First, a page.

320 g of Ep807 and 60 g of Ep828 as the component (a1), and 100 g of TPAE32 as the component (a4) were mixed, and the mixture was heated at 180° C. for 4 hours to dissolve the component (a4) in the component (a1). Thereafter, 250 g of Ep630 as the component (a2) and 350 g of 4,4′-(p-phenylenediisopropylidene) bis(2,6-xylenol) as the component (a3) were mixed without heating to obtain a component (A). Since the mixture was not heated, the amount of the unreacted phenolic hydroxyl groups of 4,4′-(p-phenylenediisopropylidene) bis(2,6-xylenol) was 80%.

Next, a resin composition was prepared in the same manner as in Example 1, except that the obtained component (A) was used. Moreover, using the obtained resin composition, a resin sheet and a composite material were prepared, in the same matter as in Example 1.

TABLE 1
Component A
Phenol
a)Ep807 a)Ep828 a)HP7200 b)Ep630 Component TPP TPAE32 Polyamide
Parts by wt Parts by wt Parts by wt Parts by wt Part by wt Parts by wt Parts by wt Content (%)
EXAMPLE 1 58 0 0 6 35 1 6 6.0%
EXAMPLE 2 52 6 0 6 35 1 10 9.3%
EXAMPLE 3 52 0 0 13 35 1 10 8.7%
EXAMPLE 4 45 0 0 16 35 1 10 9.0%
EXAMPLE 5 52 0 0 13 35 1 13 11.3%
EXAMPLE 6 58 0 0 6 35 1 16 13.8%
EXAMPLE 7 52 0 0 13 35 1 16 13.8%
EXAMPLE 8 48 0 0 16 35 1 16 13.8%
EXAMPLE 9 39 0 0 26 35 1 16 13.8%
EXAMPLE 10 58 0 0 6 35 1 23 18.3%
EXAMPLE 11 52 0 0 13 35 1 23 18.3%
EXAMPLE 12 45 0 0 19 35 1 23 18.3%
EXAMPLE 13 58 0 0 6 35 1 6 6.0%
EXAMPLE 14 52 6 0 6 35 1 10 9.3%
EXAMPLE 15 58 0 0 6 35 1 6 6.0%
EXAMPLE 16 58 0 0 6 35 1 6 6.0%
EXAMPLE 17 58 0 0 6 35 1 10 8.7%
EXAMPLE 18 61 0 0 4 35 1 6 6.0%
EXAMPLE 19 61 0 0 4 35 1 6 6.0%
EXAMPLE 20 61 0 0 4 35 1 6 6.0%
EXAMPLE 21 58 0 0 6 35 1 6 6.0%
EXAMPLE 22 43 0 15 6 35 1 6 7.0%
EXAMPLE 23 58 0 0 6 35 1 6 6.0%
EXAMPLE 24 52 0 0 13 35 1 10 8.7%
EXAMPLE 26 17 0 0 3 11 0.3 2 5.2%
Component B Component C Component D
Component A Ep807 Ep604 DDS Other components
Parts by wt Parts by wt Parts by wt Parts by wt Aerosil PES
EXAMPLE 1 50 30 25 40 0 0
EXAMPLE 2 50 30 25 40 0 0
EXAMPLE 3 50 30 25 40 0 0
EXAMPLE 4 50 30 25 40 0 0
EXAMPLE 5 50 30 25 40 0 0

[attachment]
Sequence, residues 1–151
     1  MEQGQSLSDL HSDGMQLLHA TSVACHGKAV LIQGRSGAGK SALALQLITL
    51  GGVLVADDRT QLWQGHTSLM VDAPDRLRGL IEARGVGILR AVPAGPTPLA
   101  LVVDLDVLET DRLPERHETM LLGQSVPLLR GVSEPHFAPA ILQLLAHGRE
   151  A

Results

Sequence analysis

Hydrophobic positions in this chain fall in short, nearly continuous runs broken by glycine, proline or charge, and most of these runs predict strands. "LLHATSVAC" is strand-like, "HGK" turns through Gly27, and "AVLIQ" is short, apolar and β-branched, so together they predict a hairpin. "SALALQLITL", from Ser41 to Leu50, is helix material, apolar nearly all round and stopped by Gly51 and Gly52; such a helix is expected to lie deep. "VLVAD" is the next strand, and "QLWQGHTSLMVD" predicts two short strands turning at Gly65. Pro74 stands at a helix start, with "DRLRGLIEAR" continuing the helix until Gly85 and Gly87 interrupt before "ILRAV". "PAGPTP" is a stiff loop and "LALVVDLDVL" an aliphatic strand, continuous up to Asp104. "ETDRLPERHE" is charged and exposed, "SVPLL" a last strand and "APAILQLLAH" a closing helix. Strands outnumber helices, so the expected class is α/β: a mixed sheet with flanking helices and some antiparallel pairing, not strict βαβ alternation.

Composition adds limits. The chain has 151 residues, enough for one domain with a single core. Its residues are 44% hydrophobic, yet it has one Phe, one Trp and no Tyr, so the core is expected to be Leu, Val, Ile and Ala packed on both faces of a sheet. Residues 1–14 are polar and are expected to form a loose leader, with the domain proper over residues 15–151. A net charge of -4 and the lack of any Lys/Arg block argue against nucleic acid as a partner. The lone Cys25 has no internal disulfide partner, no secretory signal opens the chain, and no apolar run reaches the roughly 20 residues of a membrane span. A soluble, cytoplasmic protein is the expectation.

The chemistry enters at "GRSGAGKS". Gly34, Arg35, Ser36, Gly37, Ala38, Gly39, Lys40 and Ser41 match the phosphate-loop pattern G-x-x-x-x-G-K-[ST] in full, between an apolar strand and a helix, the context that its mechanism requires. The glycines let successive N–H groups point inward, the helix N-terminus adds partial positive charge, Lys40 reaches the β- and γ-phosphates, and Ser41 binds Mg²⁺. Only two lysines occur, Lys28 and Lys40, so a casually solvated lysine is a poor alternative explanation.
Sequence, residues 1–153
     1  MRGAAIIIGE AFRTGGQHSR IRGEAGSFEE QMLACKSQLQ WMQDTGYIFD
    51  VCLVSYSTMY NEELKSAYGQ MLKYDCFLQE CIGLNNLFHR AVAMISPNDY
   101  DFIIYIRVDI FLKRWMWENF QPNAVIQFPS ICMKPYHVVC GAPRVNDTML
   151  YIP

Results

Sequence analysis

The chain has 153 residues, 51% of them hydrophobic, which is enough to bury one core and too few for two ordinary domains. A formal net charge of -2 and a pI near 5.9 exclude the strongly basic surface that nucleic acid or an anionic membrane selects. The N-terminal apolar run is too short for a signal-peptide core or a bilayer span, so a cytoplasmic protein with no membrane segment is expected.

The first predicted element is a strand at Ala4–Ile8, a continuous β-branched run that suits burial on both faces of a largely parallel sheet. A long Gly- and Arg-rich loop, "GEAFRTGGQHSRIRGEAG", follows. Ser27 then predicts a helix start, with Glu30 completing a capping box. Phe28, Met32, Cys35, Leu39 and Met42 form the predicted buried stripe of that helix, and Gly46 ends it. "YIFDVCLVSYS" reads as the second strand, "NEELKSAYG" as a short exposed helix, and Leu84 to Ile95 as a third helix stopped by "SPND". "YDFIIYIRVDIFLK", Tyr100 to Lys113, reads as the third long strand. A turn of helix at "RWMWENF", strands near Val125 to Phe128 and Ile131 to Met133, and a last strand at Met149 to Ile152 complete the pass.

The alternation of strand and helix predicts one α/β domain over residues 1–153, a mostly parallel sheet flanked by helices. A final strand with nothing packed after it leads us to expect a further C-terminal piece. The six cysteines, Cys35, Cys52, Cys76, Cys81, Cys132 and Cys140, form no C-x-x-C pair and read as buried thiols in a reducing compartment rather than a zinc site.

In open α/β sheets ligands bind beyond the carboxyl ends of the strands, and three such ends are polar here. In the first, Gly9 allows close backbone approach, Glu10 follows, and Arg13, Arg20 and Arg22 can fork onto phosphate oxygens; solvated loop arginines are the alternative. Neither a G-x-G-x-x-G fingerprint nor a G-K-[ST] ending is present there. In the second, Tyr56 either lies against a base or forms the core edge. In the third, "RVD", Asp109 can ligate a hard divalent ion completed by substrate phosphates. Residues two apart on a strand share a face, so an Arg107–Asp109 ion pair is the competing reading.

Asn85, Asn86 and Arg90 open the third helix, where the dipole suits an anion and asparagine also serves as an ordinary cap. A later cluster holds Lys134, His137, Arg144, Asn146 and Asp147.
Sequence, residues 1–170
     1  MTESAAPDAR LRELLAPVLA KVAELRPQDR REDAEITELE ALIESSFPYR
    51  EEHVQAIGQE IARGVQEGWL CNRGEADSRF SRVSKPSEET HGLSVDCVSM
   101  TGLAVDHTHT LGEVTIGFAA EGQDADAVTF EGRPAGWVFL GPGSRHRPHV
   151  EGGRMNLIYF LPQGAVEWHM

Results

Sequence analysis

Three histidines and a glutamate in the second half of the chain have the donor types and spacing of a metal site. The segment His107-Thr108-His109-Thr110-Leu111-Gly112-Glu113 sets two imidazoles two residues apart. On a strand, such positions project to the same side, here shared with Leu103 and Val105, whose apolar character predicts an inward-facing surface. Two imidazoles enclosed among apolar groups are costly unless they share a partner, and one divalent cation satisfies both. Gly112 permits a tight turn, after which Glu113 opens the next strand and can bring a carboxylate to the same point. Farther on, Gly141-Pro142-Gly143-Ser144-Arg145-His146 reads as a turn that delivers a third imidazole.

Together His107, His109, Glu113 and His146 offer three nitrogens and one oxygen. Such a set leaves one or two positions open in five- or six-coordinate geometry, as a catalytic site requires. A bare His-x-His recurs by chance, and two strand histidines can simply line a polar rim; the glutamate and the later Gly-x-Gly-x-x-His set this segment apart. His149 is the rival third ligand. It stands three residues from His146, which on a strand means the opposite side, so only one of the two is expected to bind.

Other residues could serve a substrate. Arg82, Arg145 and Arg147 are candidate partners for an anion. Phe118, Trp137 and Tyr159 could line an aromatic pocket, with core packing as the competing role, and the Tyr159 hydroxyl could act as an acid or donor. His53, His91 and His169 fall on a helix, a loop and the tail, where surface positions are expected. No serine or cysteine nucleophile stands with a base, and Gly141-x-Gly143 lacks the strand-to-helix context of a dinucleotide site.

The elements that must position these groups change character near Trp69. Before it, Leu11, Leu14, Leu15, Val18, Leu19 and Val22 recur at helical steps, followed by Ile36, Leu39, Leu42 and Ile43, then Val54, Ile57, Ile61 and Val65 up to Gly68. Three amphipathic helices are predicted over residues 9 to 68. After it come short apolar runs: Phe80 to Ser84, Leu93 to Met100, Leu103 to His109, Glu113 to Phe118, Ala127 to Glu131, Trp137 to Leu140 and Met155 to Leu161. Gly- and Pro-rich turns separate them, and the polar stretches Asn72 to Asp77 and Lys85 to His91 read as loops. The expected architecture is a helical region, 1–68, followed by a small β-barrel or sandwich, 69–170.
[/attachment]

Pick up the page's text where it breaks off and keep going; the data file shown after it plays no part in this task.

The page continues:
EXAMPLE 6 50 30 25 40 0 0
EXAMPLE 7 50 30 25 40 0 0
EXAMPLE 8 50 30 25 40 0 0
EXAMPLE 9 50 30 25 40 0 0
EXAMPLE 10 55 30 25 40 0 0
EXAMPLE 11 55 30 25 40 0 0
EXAMPLE 12 55 30 25 40 0 0
EXAMPLE 13 50 30 25 40 2 0
EXAMPLE 14 50 30 25 40 2 0
EXAMPLE 15 48 25 30 42 1 0
EXAMPLE 16 48 25 30 42 2 0
EXAMPLE 17 49 20 35 42 2 0
EXAMPLE 18 48 20 35 42 1 0
EXAMPLE 19 48 20 35 42 2 0
EXAMPLE 20 49 25 30 42 1 0
EXAMPLE 21 48 20 35 42 1 0
EXAMPLE 22 48 30 25 42 0 0
EXAMPLE 23 48 30 25 42 2 0
EXAMPLE 24 49 30 25 42 3 0
EXAMPLE 26 49 30 25 42 2 0.8

TABLE 2
Mechanical properties of composite
Heat 0° Compressive strength ILSS
Three-point bending property of resin Resistance 70° C./Moisture 70 moisture
Strength Elasticity Elongation G′ − Tg 23° C. Absorption Absorption 120° C. CAI
(MP a) (GP a) (%) (° C.) (MP a) (MP a) (MP a) (MP a) (MP a)
EXAMPLE 1 163 3.32 12% or more 166 1450 1206 53 62 203
EXAMPLE 2 154 3.18 12% or more 168 1553 1235 54 58 220
EXAMPLE 3 158 3.16 12% or more 172 1560 1228 55 61 213
EXAMPLE 4 157 3.21 12% or more 175 1540 Not measured 55 67 204
EXAMPLE 5 158 3.25 12% or more 172 1603 Not measured 53 65 214
EXAMPLE 6 142 3.01 12% or more 169 1553 Not measured 52 55 213
EXAMPLE 7 146 3.04 12% or more 173 1552 Not measured 57 68 204
EXAMPLE 8 151 3.10 12% or more 172 1676 Not measured 52 62 211
EXAMPLE 9 154 3.19 12% or more 182 1701 Not measured 58 63 203
EXAMPLE 10 131 2.99 8.3 169 1450 Not measured 51 53 224
EXAMPLE 11 133 3.04 8.1 175 1458 Not measured 53 54 212
EXAMPLE 12 135 3.07 8.0 178 1543 Not measured 54 53 206
EXAMPLE 13 165 3.35 12% or more 167 1510 1202 53 62 203
EXAMPLE 14 159 3.21 12% or more 169 1567 1220 55 61 205
EXAMPLE 15 164 3.40 7.6 176 1593 1216 62 77 199
EXAMPLE 16 164 3.40 7.6 176 1624 1347 63 79 204
EXAMPLE 17 162 3.46 7.9 182 1646 Not measured 62 79 193
EXAMPLE 18 162 3.45 8.3 182 1696 1221 64 80 204
EXAMPLE 19 165 3.46 8.3 185 1684 1199 65 81 195
EXAMPLE 20 160 3.36 9.2 175 1588 Not measured 66 77 219
EXAMPLE 21 167 3.46 7.8 180 1635 1344 64 80 191
EXAMPLE 22 165 3.43 11.2 171 1574 1301 57 63 192
EXAMPLE 23 165 3.47 12% or more 167 1588 1179 53 56 197
EXAMPLE 24 164 3.45 12% or more 164 1468 1166 50 67 198
EXAMPLE 25 162 3.40 12% or more 165 1626 1289 60 62 221
EXAMPLE 26 162 3.40 12% or more 167 1610 1204 61 60 217

TABLE 3
Component A Compo- Compo- Compo-
a) a) b) Phenol Compo- nent B nent C nent D Other
Ep807 HP7200 Ep630 compound TPP TPAE32 Polyamide nent A Ep807 Ep604 DBS compo-
parts by a) parts by parts by parts by parts by parts by Content parts by parts by parts by parts by nent
weight Ep828 weight weight weight weight weight (%) weight weight weight weight Aerosil
Comp. 32 6 0 25 35 1 0 0.0% 50 30 25 40 0
Ex. 1
Comp. 32 6 0 25 35 0 10 9.4% 50 30 25 40 0
Ex. 2
Comp. 58 0 0 6 35 1 48 32.4% 50 30 25 40 0